Dodgers pitcher Trevor Bauer was reinstated immediately after the suspension was lowered
Trevor Bauer’s two-year suspension from Major League Baseball was reduced Thursday, and now the Dodgers have two weeks to return him to their roster or release him.
An arbitrator reduced Power’s ban from 324 to 194 games and reinstated it immediately. He lost $37.5 million in salary from his $102 million contract with the Dodgers.
Had the suspension been fully upheld, Bauer would have lost $60 million. Even with the reduction, the suspension is the longest under baseball’s policy on sexual assault and domestic violence.
“While we believe a longer suspension is warranted, MLB will abide by the neutral arbitrator’s decision,” Major League Baseball said in a statement.
Bauer forfeited his salary for the last 144 games of the 2022 season and the first 50 games of the 2023 season. However, the arbitrator allows him to play in the first 50 games, in part because of his cooperation in repeatedly agreeing to investigative leave during which he missed the latter half of the 2021 season.
Under MLB rules, when a player is reinstated from the restricted list out of season, his team has 14 days to activate it. That gives the Dodgers until January 6 to decide, though the remaining $22.5 million of his salary is guaranteed whether they activate or release him.
The Dodgers cited uncertainty about their financial liability to Bauer as one reason for their relative lack of activity in adding players this winter. The Panel was not aware of any decision on appeal until shortly before the judgment was announced.
“We have just been informed of the arbitrator’s decision and will be commenting as soon as possible,” the Dodgers said in a statement.
Bauer’s first public reaction came in a two-sentence tweet promoting his video operation and then saying, “Can’t wait to see you all on the field soon!”
His last engagement with the Dodgers was on June 28, 2021, the day before a San Diego woman claimed a restraining order against him, alleging he sexually assaulted her. The league placed Bauer on investigative leave that week and suspended him this past April. Meanwhile, two other women have reported similar experiences with Bauer to The Washington Post. He denied any wrongdoing with the three women.
Bauer immediately appealed, and an arbitration hearing began similar to that of May. Sean Hawley, one of Bauer’s attorneys, told the Los Angeles court in August that the hearing would include “massive” evidence and could include up to 22 witnesses. The Post reported Thursday that two of Bauer’s three accusers were among the witnesses to testify.
On February 11, 2021, the Dodgers signed Bauer, a former UCLA star and at the time National League Cy Young Award winning defenseman, to a three-year, $102 million contract through the 2023 season. He made 17 appearances in 2021 and was on vacation or suspension in Last 243 regular season games for the Dodgers.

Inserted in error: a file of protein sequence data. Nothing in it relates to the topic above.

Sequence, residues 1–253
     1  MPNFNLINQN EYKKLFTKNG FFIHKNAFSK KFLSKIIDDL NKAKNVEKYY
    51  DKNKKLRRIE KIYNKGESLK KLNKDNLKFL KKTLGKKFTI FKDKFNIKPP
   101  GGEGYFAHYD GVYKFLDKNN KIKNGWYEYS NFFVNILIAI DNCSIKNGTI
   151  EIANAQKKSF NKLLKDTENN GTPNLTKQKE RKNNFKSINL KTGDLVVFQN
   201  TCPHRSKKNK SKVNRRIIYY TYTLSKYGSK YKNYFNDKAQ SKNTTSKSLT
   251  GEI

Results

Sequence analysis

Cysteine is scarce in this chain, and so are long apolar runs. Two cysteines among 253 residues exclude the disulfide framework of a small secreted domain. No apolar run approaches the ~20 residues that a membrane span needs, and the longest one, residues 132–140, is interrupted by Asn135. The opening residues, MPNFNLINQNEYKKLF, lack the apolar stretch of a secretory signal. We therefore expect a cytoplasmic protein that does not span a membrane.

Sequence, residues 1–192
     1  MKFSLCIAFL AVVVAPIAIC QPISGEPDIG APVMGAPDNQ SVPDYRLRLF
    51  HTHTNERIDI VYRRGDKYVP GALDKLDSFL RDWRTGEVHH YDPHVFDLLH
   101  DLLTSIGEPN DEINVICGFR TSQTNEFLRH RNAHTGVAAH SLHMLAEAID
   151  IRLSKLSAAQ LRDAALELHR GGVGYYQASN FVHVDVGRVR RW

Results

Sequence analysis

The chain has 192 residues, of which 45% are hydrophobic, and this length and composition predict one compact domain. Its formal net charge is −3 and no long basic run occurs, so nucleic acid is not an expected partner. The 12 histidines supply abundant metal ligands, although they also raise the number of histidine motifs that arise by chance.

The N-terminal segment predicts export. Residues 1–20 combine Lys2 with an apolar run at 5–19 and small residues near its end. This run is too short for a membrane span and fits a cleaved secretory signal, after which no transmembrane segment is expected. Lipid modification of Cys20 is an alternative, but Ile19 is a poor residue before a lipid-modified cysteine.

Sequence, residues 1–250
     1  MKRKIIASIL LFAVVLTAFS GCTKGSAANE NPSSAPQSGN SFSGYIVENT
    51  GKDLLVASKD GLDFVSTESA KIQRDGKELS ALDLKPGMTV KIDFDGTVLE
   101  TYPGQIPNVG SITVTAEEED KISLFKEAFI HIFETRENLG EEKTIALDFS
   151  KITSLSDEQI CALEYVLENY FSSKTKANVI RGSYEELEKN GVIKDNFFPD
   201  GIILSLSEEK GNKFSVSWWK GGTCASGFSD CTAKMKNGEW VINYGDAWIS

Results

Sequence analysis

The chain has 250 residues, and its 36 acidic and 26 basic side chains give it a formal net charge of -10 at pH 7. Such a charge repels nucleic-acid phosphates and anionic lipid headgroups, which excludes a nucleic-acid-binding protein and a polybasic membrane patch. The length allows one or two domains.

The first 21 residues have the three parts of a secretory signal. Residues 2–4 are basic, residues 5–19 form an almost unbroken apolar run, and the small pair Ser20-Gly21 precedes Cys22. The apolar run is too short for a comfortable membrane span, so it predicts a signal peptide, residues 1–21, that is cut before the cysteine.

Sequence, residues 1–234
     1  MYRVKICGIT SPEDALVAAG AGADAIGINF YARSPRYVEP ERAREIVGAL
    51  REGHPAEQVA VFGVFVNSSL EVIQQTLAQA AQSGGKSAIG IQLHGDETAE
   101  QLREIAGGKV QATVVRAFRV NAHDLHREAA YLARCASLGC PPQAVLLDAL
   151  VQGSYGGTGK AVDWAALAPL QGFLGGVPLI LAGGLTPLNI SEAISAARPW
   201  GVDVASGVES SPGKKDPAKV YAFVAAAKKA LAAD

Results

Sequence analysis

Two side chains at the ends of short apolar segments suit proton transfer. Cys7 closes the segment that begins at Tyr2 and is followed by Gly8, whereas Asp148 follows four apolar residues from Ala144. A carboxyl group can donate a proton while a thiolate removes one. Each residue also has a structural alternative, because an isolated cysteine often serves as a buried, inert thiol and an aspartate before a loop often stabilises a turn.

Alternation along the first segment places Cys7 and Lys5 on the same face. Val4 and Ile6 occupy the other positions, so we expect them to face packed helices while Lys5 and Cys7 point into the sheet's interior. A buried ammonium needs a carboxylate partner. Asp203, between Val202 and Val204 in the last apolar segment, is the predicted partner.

Of the 16 players suspended since the sexual assault and domestic violence policy took effect in 2015, he became the only player to file an appeal. He was also the only one with more than one publicly known accuser.
Neither Bauer nor Al-Douri mentioned the evidence Al-Douri presented in determining the suspension. When MLB Commissioner Rob Manfred imposed the suspension, Bauer said, “In the strongest possible terms, I deny any violation of the league’s domestic violence and sexual assault policy.”
By the time MLB suspended Power, the judge had dismissed the restraining order, and the Los Angeles District Attorney had declined to file criminal charges, saying the charges could not be proven beyond a reasonable doubt. The district attorney’s office said it investigated Bauer for “assault with means likely to cause great bodily harm, sodomy of a sleeping person, and domestic violence.”
Under a policy negotiated between the league and its players’ association, Manfred is allowed to suspend any player even if they are not charged with a crime.
Bauer could file suit in an effort to have the suspension overturned. Courts generally caution against interfering with collectively negotiated policies and procedures; Bauer will have to show that these policies and procedures are not being followed.
Bauer sued six parties for defamation, including a San Diego woman. She sued him again, and Bauer asked that her case be dismissed because the refusal of the restraining order would necessarily mean that the court had already ruled that no assault occurred.
U.S. District Judge James Selna denied Bauer’s request in November, ruling that the restraining order hearing determines whether the woman is liable to future harm from Bauer but “did not necessarily determine that Bauer did not hit or sexually assault.” [her]. “
Bauer and his representatives have long referred to the judge at the hearing for the restraining order saying the woman was “materially misleading” in her application for the order. Selna noted that the “materially misleading” comment did not refer to her account of the two sexual encounters but to the way it “overestimated the extent of Bauer’s connection”. [her] After the second meeting.
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